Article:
Wisconsin School News - March 2017

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Flexible Healthcare.Visible Value. HEALTH INSURANCE THAT WORKS FOR SCHOOLSDemonstrate Responsible Stewardship ã Wisconsin-based, not for profit ã Flexible plans and…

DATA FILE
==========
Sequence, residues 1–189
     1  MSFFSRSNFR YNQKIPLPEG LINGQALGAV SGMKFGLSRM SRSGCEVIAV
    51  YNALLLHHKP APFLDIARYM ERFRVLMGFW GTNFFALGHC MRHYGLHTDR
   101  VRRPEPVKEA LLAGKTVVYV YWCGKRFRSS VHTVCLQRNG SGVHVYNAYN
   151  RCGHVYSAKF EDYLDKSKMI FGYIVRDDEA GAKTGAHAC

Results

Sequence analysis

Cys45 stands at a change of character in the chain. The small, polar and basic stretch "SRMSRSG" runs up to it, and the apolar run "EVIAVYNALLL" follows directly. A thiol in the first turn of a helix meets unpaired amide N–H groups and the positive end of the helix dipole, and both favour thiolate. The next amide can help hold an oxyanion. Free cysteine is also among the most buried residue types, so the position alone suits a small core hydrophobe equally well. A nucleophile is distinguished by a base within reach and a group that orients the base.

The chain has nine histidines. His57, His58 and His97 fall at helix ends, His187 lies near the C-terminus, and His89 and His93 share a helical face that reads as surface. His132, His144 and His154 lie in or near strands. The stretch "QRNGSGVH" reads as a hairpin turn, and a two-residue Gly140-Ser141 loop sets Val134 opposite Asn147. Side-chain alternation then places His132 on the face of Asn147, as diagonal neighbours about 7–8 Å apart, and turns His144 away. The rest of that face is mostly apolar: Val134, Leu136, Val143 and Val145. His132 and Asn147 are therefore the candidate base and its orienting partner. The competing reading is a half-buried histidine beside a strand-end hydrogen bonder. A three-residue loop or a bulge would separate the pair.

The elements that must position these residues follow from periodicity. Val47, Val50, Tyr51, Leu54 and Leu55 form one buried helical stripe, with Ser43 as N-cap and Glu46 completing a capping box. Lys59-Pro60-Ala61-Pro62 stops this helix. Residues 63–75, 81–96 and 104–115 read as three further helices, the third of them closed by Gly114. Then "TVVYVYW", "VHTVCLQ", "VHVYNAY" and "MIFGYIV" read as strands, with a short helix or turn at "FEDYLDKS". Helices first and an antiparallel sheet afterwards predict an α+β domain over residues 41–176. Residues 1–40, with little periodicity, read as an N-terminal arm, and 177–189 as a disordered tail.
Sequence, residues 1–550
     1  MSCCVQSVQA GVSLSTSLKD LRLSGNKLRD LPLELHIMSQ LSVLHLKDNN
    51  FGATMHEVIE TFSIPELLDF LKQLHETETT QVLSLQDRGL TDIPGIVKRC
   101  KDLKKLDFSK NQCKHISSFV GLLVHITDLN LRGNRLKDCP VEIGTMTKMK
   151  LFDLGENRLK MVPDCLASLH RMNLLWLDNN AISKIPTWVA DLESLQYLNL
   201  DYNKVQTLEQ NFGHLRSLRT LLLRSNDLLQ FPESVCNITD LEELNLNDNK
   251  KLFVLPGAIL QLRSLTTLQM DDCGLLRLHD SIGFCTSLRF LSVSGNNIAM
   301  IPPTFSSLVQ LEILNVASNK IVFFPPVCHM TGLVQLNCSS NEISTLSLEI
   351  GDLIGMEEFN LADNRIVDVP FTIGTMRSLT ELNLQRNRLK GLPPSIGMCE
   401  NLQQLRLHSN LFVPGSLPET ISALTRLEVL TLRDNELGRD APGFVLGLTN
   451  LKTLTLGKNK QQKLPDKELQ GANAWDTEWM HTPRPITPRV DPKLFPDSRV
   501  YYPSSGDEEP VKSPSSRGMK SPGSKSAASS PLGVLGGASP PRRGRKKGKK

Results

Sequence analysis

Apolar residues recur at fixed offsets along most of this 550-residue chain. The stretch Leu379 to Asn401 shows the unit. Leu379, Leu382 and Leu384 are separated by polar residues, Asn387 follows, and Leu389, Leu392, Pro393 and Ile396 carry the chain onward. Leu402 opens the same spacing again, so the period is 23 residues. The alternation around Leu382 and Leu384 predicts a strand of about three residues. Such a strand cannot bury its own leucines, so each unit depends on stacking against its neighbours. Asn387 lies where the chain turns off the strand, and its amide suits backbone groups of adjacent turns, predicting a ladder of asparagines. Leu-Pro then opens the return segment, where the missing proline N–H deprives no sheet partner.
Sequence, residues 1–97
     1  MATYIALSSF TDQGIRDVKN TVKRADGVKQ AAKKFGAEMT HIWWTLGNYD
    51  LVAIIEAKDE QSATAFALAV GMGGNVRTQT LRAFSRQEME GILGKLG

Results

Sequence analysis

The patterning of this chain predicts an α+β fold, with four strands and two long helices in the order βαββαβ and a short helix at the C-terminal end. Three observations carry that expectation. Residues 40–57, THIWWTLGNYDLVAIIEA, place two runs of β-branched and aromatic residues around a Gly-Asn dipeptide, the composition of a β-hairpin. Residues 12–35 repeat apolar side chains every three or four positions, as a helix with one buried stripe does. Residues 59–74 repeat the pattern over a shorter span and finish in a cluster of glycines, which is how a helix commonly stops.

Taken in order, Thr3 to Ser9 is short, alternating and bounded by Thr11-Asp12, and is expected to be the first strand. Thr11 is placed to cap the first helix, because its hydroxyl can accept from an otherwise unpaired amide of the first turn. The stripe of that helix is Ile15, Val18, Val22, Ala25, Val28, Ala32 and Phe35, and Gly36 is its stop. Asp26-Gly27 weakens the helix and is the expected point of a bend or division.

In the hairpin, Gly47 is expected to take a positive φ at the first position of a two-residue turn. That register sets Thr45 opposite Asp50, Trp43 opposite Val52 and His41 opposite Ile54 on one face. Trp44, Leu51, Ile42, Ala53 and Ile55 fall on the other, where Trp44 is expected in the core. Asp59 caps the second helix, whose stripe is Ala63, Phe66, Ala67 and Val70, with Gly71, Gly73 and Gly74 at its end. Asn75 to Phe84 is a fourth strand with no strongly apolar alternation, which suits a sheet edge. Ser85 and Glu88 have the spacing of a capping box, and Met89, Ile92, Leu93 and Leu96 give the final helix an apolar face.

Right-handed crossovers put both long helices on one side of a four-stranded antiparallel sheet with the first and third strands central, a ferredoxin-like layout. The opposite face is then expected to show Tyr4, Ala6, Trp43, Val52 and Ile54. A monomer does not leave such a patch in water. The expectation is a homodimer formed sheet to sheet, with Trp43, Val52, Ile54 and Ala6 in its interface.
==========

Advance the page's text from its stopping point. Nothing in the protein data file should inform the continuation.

Flexible Healthcare.Visible Value. HEALTH INSURANCE THAT WORKS FOR SCHOOLSDemonstrate Responsible Stewardship • Wisconsin-based, not for profit • Flexible plans and premiums • Highly rated for quality*Reduce Healthcare Spending • In-house medical management • Evidence-based wellness • Dynamic drug formularyManage Benefits Easily • Simple onboarding kit • Standard reporting package • My Choice online enrollment platform * Security Health Plan’s HMO/POS Private plans are rated 4.5 out of 5 among the National Committee for Quality Assurance’s Private Health Insurance Plan Ratings 2016-2017.Contact one of our experts to address your challenges today. 715-602-4854 or www.securityhealth.org/wsnEL-SH60-1116|  Volume |  Volume December March 2017  2016  7171 Number Number 75 T H E O F F I C I A L P U B L I C AT I O N O F T H E W I S C O N S I N A S S O C I AT I O N O F S C H O O L B O A R D S, I N C.John H. Ashley Executive EditorSheri Krause Director of CommunicationsShelby Anderson Editor n REGIONAL OFFICES n 122 W. Washington Avenue Madison, WI 53703 Phone: 608-257-2622 Fax: 608-257-8386 132 W. Main Street Winneconne, WI 54986 Phone: 920-582-4443 Fax: 920-582-9951 n ADVERTISING n 608-556-9009 • tmccarthy@wasb.org n WASB OFFICERS nJohn H. Ashley Executive DirectorCapt. Terry McCloskey, Stu Olson USN Retired Three Region12 Shell Lakes, Lake, Region PresidentCapt. Terry MaryMcCloskey, Jo Rozmenoski USN Retired Black Three River Lakes, Falls, Region Region 26 1st Vice PresidentMaryBrett Jo Rozmenoski Hyde Muskego-Norway, Black River Falls,Region Region11 6 2nd Vice PresidentWanda Stu Olson Owens Barneveld, Shell Lake, Region Region 91 Immediate Past President n WASB BOARD OF DIRECTORS n Mike Blecha Green Bay, Region 3BrettZellmer Hyde Andy Muskego-Norway, Region Montello, Region 10 11Bill Yingst, Sr. Durand, Region 4Nancy Thompson Waterloo, Region 12RickPloeckelman Eloranta Cheryl Owen-Withee, Region Colby, Region 5 5Rosanne Hahn Burlington, Region 13Elizabeth Hayes Barbara Herzog Fond du Lac,Region Region7 7 Oshkosh,Terrence Falk Milwaukee, Region 14Steve Klessig Brillion, Region 8Ron Frea Pewaukee, Region 15Andy Zellmer Wanda Owens Montello, Barneveld,Region Region10 9Wisconsin School News (USPS 688-560) is published 10 issues per year by the Wisconsin Association of School Boards Inc., 122 W. Washington Avenue, Madison, WI 53703. Contents © 2017 2016 Wisconsin Association of School Boards Inc. Subscriptions are available to nonmembers for $40 per year. Periodicals postage is paid at Madison, Wis. The views expressed in Wisconsin School News are those of the authors and do not necessarily represent WASB policies or positions. POSTMASTER: Send address changes to Wisconsin School News, 122 W. Washington Avenue, Madison, WI 53703.SPECIAL2017CONVENTION REVIEW ISSUE 3 Viewpoint — Your Advocacy Leads the Way 4 It Starts With Us — Photos from Convention 2017 6 The Qualities of Trust — Keynote: David Horsager 8 Saved By School — Keynote: Liz Murray 10 Building Dreams — Keynote: Fredi Lajvardi 12 Sustainable Funding — State Superintendent Tony Evers 13 Moving & Learning — Dr. JoAnne Owens-Nauslar 14 Before the Convention — Pre-convention Workshops Recap 15 Delegate Assembly — 2017 WASB Delegate Assembly 16 Superintendent of the Year — Called to Lead 17 Business Manager of the Year — Gratitude and Thanks 18 Setting Up Children for Success — Session Recap 19 Helping Minority Students Succeed — Session Recap 20 Partnerships and Persistence — Session Recap 21 Redoing a Referendum to Succeed — Session Recap 22 Changing the Conversation About Student Mental Health — Session Recap 24 Advocacy is All About Relationships — Session Recap 25 From Passive to Active Learning — Session Recap 26 A Coordinated Effort to Nurture the Whole Child — Session Recap 27 Breaking Down the Social and Emotional Gap — Session Recap 28 Offering Help and Hope — Session Recap 29 “Programs are Going to Increase” — Session Recap 30 Free Speech is Changing — Session Recap 31 Hands-on Learning — Session Recap 32 Accomplishments — Recognizing school leader award winners 35 Student Awards — Award-winning students, student video team 36 Legal Comment — Student Fees 40 Association News — 2016 WASB President Stu Olson; 2017 WASB Board of Directors 42 Capitol Watch — Governor’s 2017-19 Budget Unveiled 45 Service Associates ARTICLES IN THIS ISSUE were written by: Shelby Anderson, Joe Quick and freelance writer Anne Davis. Student Freedom Gobel also contributed an article.7O CN ON 2 0 120 7 1C VVEEN N TT I OONNDIAMONDThank you. P L AT I N U MGO LDSILV ERGENERAL SPONSORSBlackboard | Gerber Leisure Products | Lamers Bus Lines | Liberty Mutual Insurance Lifetouch | The Standard | Unesco | Vanguard Computers | WASB Insurance Plan | WASBO FoundationGE NE ROUS CONTRI BUTI ON S by the above organizations helped make the 96th State Education Convention one of the best yet.2|Wisconsin School NewsVIEWPOINTJo h n H . A s h l e yYour Advocacy Leads the WayThank you for your advocacy! Throughout the state, school officials, community leaders and parents have been pressing state leaders for more school funding. The governor and legislators are listening. In early February, Gov. Scott Walker released his 2017-19 state budget proposal, which includes a $200 per pupil increase in school funding along with additional funding for rural schools, schoolbased mental health programs, and other initiatives. These proposals closely align with the WASB’s legislative agenda. The governor’s budget proposal may not be perfect, but it includes important steps in improving public school funding and he deserves to be commended for recognizing this need. We have a long way to go in the budget process before any additional dollars are confirmed and there likely will be a strong debate on the amount of funding that goes to schools versus the amount that goes to transportation or income tax cuts. And there likely will be healthy debate on the governor’s budget proposal to create lifetime teacher licenses as well as an anticipated debate on lifting the per-district caps on vouchers. See this month’s Capitol Watch for an in-depth analysis of the governor’s state budget proposal.Your continued advocacy is needed throughout the budget process. This month, the WASB is hosting a Day at the Capitol on March 15 for school board members and administrators. Attendees will be briefed on the governor’s 2017-19 state budget proposal by Department of Administration Secretary Scott Neitzel and hear from a bipartisan legislative panel featuring state Sen. Luther Olsen (R), Sen. Minority Leader Jennifer Shilling (D), Assembly Speaker Robin Vos (R) and Rep. Sondy Pope (D). The WASB government relations team will provide talking points and arrange afternoon meetings with legislators for every attendee. The WASB Day at the Capitol will also feature a forum with the final two candidates for state superintendent of public instruction. This issue of the Wisconsin School News went to print before the spring primary but it’s likely that the final choices will offer two distinct visions for public education for voters at the April general election. While we need to follow the state debates closely and make our voices heard in Madison, there is likely to be a dramatic shift in education policy in Washington, D.C. as well. In late January, several members of the WASB board of directors, our lobbyists and I participated in the National School Boards Association FederalAdvocacy Institute. We were briefed on federal legislative activity and met with our state’s federal representatives. Our conversations on Capitol Hill focused on urging the Wisconsin congressional delegation to work to ensure that the Every Student Succeeds Act (ESSA) is faithfully implemented, that the Child Nutrition Act and the Carl Perkins Career and Technical Education Act are both reauthorized and modernized, and that Congress lives up to its promises to fund the Individuals with Disabilities Education Act (IDEA) for students with disabilities, Title I for economically disadvantaged children, and Impact Aid for districts strapped for cash by the presence of federally tax-exempt property such as military installations and tribal lands. They were productive exchanges. This is an exciting time for public education, with a renewed focus on schools as an economic engine and a key supplier of tomorrow’s workforce. As school leaders we need to ensure that our support for greater investments in public education is heard in Madison and Washington and we need to ensure that the public schools in each of our communities maximize the investments our leaders are proposing to make in them and in our students. nThis is an exciting time for public education, with a renewed focus on schools as an economic engine and a key supplier of tomorrow’s workforce.Connect with the WASB!Twitter @wischoolboardsFacebook on.fb.me/1NBrEJq March 2017|320 1 7 C ON V EN T I O NIt Starts With Us Earlier this year, school leaders from around the state gathered in Milwaukee for the 96th State Education Convention. In this special issue of Wisconsin School News, we look back at the many sessions, keynote speakers, and special events from this year’s convention.Students demonstrated hands-on STEM learning for school leaders at the Project Lead the Way booth in the Exhibit Hall.Michael Jaber, coordinator of instructional technology for the Sheboygan Area School District, works with school leaders after his session on new technologies and tools in education, such as Double Robotics, Myo Armband, Spheros, virtual reality and more.4|Wisconsin School NewsSeveral informal break-out sessions allowed school leaders to meet and discuss important issues and challenges facing schools. In this session, school board members and administrators discussed challenges and opportunities regarding school district social media use.Special educators, administrators and school board members are recognized at the State Education Convention. Here, Kirk Holliday, a member of the De Soto Area School Board, was recognized for serving 20 years on the school board. See page 32 for more award winners.The Bay Port High School Wind Ensemble from the Howard-Suamico School District performed in front of several thousand school board members and administrators during one of the convention’s general sessions.The Kenosha Indian Trail High School and Academy Wind Ensemble performed during the first general session. All three student music groups received standing ovations from the audience.Senior Jack Burlingame, a saxophonist with the Fort Atkinson High School Jazz Ensemble, performs a solo during its performance. The three student music groups were selected with the help of the Wisconsin School Music Association and supported by stipends from the Wisconsin Association of School Business Officials Foundation.View more photos from the convention at http://johnohara.zenfolio.com/wasb2017March 2017|520 1 7 C ON V EN T I O N6|Wisconsin School NewsThe Qualities of Trust David Horsager discusses the traits of trustworthy leaders“Fundamentally, I think a lack of trust is the biggest cost we have,” said keynote speaker David Horsager, bestselling author of “The Trust Edge.” Horsager pointed to Volkswagen’s emission scandal and swimmer Ryan Lochte’s blunder at the Rio Olympics as examples of where a loss of trust cost millions of dollars. In the business or school setting, Horsager said that when trust increases, employee outlook, morale, motivation, and retention also increase. To build and maintain trust, Horsager discussed his eight pillars of trust: clarity, compassion, character, competence, commitment, connection, contribution and consistency. When it comes to clarity, Horsager said leaders need to have a clear and practical vision of how they are going to accomplish something. “There are three key questions in establishing clarity: How am I going to get there? How am I going to get there? How am I going to get there?” Horsager said. “If you don’t have a how, nothing changes.” To emphasize the importance of competence, Horsager gave an example of a dentist. They can have clarity, compassion, and character,Keynote sponsorbut, unless they also have competence, you’re not going to trust them to fix a cavity. More importantly, Horsager said, people trust those who stay fresh, capable and confident in their professional roles. Exhibiting commitment to your role also helps build trust. “People trust those who stick in the face of adversity,” Horsager said. “Think of those people who have had a lasting legacy in this world … The thing they have in common is that commitment and sacrifice were central.” In the case of leadership, Horsager added that leaders need to exhibit and model commitment before they can expect their teachers or community members to show commitment. “Trust isn’t given, trust is earned,” he added. Exhibiting commitment can also help a school district or company that has lost trust. Horsager said that demonstrating commitment is the number one way to regain trust. “The only way to rebuild trust is to make and keep a new commitment,” he said. Not surprisingly, “connection” or an ability and willingness to work with others is also crucial to trust. “We trust those willing to work together,” Horsager said. He dis-cussed research that found that the most magnetic trait a person can have is gratitude. “If you build gratitude into your home, your classroom, or your school board, all the negativity goes away.” Horsager said the “king” of the eight pillars of trust is consistency. “For good or bad this is why we like McDonald’s,” Horsager said. He added that this is why we don’t like the moody person who can be unpredictable. In a school setting, he emphasized the importance of holding all teachers and staff to the same consistent standards. “Consistency and sameness are trusted,” Horsager added. Horsager concluded by saying that every leadership issue related to trust can be solved with one of the eight pillars of trust. He also added that modeling these positive traits can not only impact and improve trust in your school district, but can also improve a school’s culture. “The impact of your schools, as much as things are changing, is still the major impact on the community,” Horsager said. “You have a greater opportunity to affect and effect positive change than anyone else.” n“Trust isn’t given, trust is earned.” March 2017|720 1 7 C ON V EN T I O N8|Wisconsin School NewsSaved by School Keynote speaker Liz Murray tells how education got her off the streets and into Harvard Keynote sponsorAt 15 and homeless, Liz Murray had pretty much given up on school. Teachers had tried to help her overcome her difficult life but not much had made a difference. She would show up for class occasionally to get a hot meal and a bus pass. Two years later, school saved her life. Murray, the author of “Breaking Night: A Memoir of Forgiveness, Survival, and My Journey from Homeless to Harvard,” shared her story of overcoming almost insurmountable obstacles. Murray and her sister grew up in the Bronx with drug-addicted parents. Although they tried to do their best for their children, what money there was went mostly for heroin and other drugs. Despite efforts at intervention by wellmeaning teachers, Murray quickly became “probably the worst student.” After her mother, who was HIV positive, became seriously ill, the family lost their home and Murray was on the streets. Because she had experienced violence from staff members of a youth detention facility, she had a great fear of thesystem and felt safer living on her own. She crashed on friends’ couches or rode subway trains all night to stay warm. On the rare occasions she showed up at school, it was only to get a bus pass or a meal. By the time she was 17, she had one high school credit. Her mother’s death and pauper’s funeral was a transformative moment. Murray started to pay more attention to the ‘what if’ scenarios that played out in her brain — ‘What if I go to school regularly?’ or ‘What if I do well and graduate?’ Because her academic record was so poor, she was rejected by every high school she applied to until she tried the Humanities Preparatory Academy, a public charter school, and met the school’s founder Perry Weiner, an English teacher. “You never know when you meet a person who is going to change your life,” Murray said. “He accepted me as a person 100 percent, but he held me accountable 100 percent.” Thanks to the steady support of Weiner and other teachers and their constant push to get her to achieveher full potential, she finished four years of high school in two years, taking classes at night and on weekends, all while still homeless. On a class field trip with Weiner, she visited the Harvard campus and was awestruck. She applied and got in but had no idea of how to pay for tuition. Then, she saw an advertisement for a four-year scholarship from the New York Times. They wanted someone who had to overcome challenges. Liz had no problem identifying a few. She won the scholarship and went on to graduate from Harvard in 2009. Today, Murray is married with two children, and is working on her master’s degree in psychology. She told the crowd that she worries sometimes that the difficult times and many pressures in public education could cause them to turn off and give up. She encouraged them not to obsess over the enormity of the issues and just “do what you can do.” “My life was transformed in the context of advocates. I was surrounded by them and I learned to be one,” she said. “You all look like rock stars to me. Please don’t ever give up. You are changing lives.” n“You never know … who is going to change your life.” March 2017|920 1 7 C ON V EN T I O NBuilding Dreams Renowned STEM educator Fredi Lajvardi shared his students’ amazing story Keynote sponsorWhen Fredi Lajvardi began his career as a science teacher at Carl Hayden High School, an inner-city school in Phoenix, he was quickly frustrated by the lack of interest among his students. So, he started an afterschool club to try and engage students in hands-on projects. One day, Lajvardi took his students to an electric car competition. Students saw the cars and wanted to build one. Lajvardi was skeptical given that the competition wasn’t open to high school teams and that they knew nothing about building an electric car. He told his students that they could compete if they got a rule book and an okay from the competition director. One of Lajvardi’s students disappeared for about 10 minutes and came back with a copy of the rule book and a signed note from the director that they could compete the following year. Lajvardi was a little overwhelmed, so he asked for help. “I got experts in the field to come in and talk to the students,” Lajvardi said. “I saw my role as a teacher change to be not so much a provider of content, but someone who could get kids the information they needed.”The club moved on from electric cars to robotics and really hit its stride, engaging even more students, including girls. Lajvardi also saw students get interested in science and engineering careers. “All of a sudden, they’re taking the classes that they normally run away from,” Lajvardi says. In 2004, a small team of Lajvardi’s students signed up for a new competition — the Marine Advanced Technology Education ROV Competition. Lajvardi and his students decided, since it was their first year, that they would learn more if they competed in the college division, which included teams from MIT and other prestigious engineering schools. The students patched together a robot with spare parts that didn’t look great, but proved to be innovative. After the first day of the competition, the underwater event, the team was surprised to be in third place. However, Lajvardi didn’t have high hopes for his team in the last two roun